https://patriceayme.wordpress.com/2018/01/10/climate-catastrophe-california-forests-dying-giant-fires-coming-in-2018/

      As soon as the Arctic sea ice melts, and that will be soon, and sudden, now we know that for sure:
      https://patriceayme.wordpress.com/2018/09/12/prediction-the-arctic-will-melt-suddenly/

      Liked by 1 person

      • Paul Handover Says:

        My post has not yet been published and your two contributions in this thread are valuable information for me. Thank you!

        Like

        • Patrice Ayme Says:

          Thanks Paul, I am delighted to add more. Because sea level was 6 meters higher in the warmest period of the Eemian, they say, naively: it was warmer. No, just wait… It is completely clear that temperatures will go much higher than in the last three millions years, imminently….
          Please don’t hesitate to keep me informed of articles of yours you know I will strongly react to…

          Like

    • Patrice Ayme Says:

      That temperatures in the Eemian were higher than now is just wishful thinking. Sea level was 6 meters higher, so people say: it was warmer… No, there is lots of inertia in sea level rise. The warmest Eemian period lasted 19,000 years… Plenty of time for the sea to rise…

      Latest science consider temps to be as high now as highest Eemian…
      ***
      From Physics-Org:

      Warm climate — cold Arctic? The Eemian is a poor analogue for current climate change
      June 14, 2012, Helmholtz Association of German Research Centres
      The Eemian interglacial period that began some 125,000 years ago is often used as a model for contemporary climate change. In the international journal Geophysical Research Letters, scientists from Mainz, Kiel and Potsdam, Germany, now present evidence that the Eemian differed in essential details from modern climatic conditions.

      To address the question about how climate may develop in the future, earth scientists direct their attention to the past. They look for epochs with similar conditions to today. The major identified climatic processes are then simulated with numerical models to further test possible reactions of the Earths’ system. An epoch which is often regarded suitable for such an undertaking is the Eemian warm period, which began around 125,000 years ago following the Saalian ice age.

      For about 10,000 years, average temperatures on Earth in the Eemian were rather enhanced – probably several degrees above today’s level. This seems to be well documented in both ice cores as well as terrestrial records from land vegetation. Substantial parts of the Greenland ice had melted, and global sea level was higher than today. “Therefore, the Eemian time is suited apparently so well as a basis for the topical issue of climate change”, says Dr Henning Bauch, who works for the Academy of the Sciences and the Literature Mainz (AdW Mainz) at GEOMAR | Helmholtz Centre for Ocean Research Kiel.

      However, in a study which appears in the recent issue of the international journal Geophysical Research Letters Dr Bauch, Dr Evgeniya Kandiano of GEOMAR as well as Dr Jan Helmke of the Institute for Advanced Sustainability Studies in Potsdam now show that the Eemian warm period differed from the present day situation in one critical aspect – the development in the Arctic Ocean.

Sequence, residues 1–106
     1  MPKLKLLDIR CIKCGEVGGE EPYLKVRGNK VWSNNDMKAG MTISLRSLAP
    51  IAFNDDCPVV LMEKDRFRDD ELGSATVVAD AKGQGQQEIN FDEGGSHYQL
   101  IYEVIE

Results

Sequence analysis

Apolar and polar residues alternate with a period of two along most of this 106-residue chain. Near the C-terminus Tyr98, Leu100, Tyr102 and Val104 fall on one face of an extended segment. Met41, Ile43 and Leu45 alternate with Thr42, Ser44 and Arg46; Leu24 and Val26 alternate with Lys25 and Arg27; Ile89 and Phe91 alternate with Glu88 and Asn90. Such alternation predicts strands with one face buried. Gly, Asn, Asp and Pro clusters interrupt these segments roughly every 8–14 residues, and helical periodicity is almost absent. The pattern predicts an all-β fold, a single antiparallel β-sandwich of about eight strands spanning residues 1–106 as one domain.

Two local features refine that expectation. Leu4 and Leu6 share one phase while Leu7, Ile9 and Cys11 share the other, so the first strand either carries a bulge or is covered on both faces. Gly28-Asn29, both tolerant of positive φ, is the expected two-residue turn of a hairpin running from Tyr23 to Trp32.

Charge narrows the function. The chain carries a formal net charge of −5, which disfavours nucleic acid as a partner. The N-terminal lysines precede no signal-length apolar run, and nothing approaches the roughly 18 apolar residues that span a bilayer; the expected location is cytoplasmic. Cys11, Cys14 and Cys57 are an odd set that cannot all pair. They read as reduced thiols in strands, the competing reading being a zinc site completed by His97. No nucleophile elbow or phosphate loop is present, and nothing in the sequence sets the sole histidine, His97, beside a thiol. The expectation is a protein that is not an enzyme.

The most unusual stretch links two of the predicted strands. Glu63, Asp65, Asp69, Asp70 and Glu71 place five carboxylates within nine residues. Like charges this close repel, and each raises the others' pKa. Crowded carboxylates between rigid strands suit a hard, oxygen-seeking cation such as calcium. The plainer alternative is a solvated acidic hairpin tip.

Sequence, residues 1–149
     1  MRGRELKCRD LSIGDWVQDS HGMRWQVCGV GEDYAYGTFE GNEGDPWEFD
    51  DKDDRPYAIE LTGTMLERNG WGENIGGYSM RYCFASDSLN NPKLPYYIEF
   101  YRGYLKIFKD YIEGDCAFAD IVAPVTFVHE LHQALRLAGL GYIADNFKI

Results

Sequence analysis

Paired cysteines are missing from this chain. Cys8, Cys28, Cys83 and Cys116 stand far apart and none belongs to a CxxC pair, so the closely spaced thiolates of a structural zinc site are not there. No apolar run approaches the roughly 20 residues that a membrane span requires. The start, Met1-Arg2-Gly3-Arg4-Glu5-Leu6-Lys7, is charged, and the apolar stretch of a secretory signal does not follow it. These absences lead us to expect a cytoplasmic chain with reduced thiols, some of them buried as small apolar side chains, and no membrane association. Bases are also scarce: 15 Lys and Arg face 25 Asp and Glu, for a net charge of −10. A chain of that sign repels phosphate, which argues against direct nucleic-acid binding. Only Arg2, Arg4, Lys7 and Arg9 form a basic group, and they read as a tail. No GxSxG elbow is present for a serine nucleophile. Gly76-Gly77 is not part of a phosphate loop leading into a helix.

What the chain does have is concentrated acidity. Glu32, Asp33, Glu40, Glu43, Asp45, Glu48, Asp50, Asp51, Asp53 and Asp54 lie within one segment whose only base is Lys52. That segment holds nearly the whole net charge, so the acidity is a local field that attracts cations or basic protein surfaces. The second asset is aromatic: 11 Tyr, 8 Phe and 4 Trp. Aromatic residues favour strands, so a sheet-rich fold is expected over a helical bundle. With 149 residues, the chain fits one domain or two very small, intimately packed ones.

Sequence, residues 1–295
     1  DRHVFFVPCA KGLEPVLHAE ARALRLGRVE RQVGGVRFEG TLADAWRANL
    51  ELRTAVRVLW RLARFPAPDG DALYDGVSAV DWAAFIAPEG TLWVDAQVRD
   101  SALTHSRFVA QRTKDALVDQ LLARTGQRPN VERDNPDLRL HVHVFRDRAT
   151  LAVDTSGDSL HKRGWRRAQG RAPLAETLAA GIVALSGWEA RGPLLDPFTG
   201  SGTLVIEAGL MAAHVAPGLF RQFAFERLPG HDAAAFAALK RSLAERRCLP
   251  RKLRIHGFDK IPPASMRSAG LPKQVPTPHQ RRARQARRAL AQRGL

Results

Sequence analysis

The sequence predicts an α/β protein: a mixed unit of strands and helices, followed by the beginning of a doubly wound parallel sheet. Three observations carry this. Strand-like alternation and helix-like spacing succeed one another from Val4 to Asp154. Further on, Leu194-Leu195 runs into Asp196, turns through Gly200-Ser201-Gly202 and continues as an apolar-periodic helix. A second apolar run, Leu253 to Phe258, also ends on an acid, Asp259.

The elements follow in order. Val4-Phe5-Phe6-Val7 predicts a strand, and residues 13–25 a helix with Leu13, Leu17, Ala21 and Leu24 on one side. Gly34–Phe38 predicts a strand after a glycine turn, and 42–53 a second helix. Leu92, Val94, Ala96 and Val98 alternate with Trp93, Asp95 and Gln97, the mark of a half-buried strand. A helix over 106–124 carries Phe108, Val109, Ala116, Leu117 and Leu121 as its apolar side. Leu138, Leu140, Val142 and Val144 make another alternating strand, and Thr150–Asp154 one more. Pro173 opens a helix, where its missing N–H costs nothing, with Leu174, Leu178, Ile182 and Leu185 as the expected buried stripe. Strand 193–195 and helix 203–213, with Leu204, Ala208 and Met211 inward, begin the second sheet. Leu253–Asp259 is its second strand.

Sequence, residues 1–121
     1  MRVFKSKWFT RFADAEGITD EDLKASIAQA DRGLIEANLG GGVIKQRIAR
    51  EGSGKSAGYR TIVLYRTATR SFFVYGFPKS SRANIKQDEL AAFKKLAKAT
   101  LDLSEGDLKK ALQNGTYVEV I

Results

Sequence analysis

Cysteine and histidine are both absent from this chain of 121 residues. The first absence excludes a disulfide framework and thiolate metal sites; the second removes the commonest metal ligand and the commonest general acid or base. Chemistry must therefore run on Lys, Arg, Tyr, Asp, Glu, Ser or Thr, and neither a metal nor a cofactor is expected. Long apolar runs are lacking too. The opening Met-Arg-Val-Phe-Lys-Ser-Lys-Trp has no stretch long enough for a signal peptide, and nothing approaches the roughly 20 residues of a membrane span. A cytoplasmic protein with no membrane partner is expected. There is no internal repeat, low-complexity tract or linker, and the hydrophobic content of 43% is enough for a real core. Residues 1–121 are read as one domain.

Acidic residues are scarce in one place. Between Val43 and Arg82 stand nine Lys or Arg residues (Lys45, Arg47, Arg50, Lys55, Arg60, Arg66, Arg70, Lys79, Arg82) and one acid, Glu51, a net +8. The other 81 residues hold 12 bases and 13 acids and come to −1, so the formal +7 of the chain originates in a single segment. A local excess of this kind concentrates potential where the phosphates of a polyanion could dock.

In our current warm period, also called Holocene, oceanic and atmospheric circulation delivers large amounts of heat northward into the high latitudes. The most well known heat conveyer is the Gulf Stream and its northern prolongation called the North Atlantic Drift. The currents provide not only the pleasant temperatures in Northern Europe, they also reach as far as the Arctic. Studies in the last years have shown that the oceanic heat transport to the Arctic has even increased, while the summer sea ice cover in the Arctic Ocean seems to be decreasing continuously. It has long been assumed that such conditions also prevailed 125,000 years ago. Accordingly, the Arctic should have been by and large ice-free in the Eemian summers.

      Dr Bauch’s group examined sediment cores from the seabed in which information about the climate history of the past 500,000 years is stored. These come from the Atlantic to the west of Ireland and from the central Nordic Seas to the east of the island of Jan Mayen. The sediments contain minute calcite tests of dead microorganisms (foraminifers). “The type of species assemblage in the respective layers as well as the isotopic composition of the calcitic tests give us information about temperature and other properties of the water in which they lived at that time”, explains Dr Bauch.

      The samples from the Atlantic delivered the higher-than-Holocene temperature signals so typical for the Eemian. The tests from the Nordic Seas, however, tell quite another story. “The found foraminifers of Eemian time indicate comparatively cold conditions”. The isotope investigations of the tests, in combination with previous studies of the group, “indicate major contrasts between the ocean surfaces of these two regions “,

      Read more at: https://phys.org/news/2012-06-climate-cold-arctic-eemian.html#jCp

      Liked by 1 person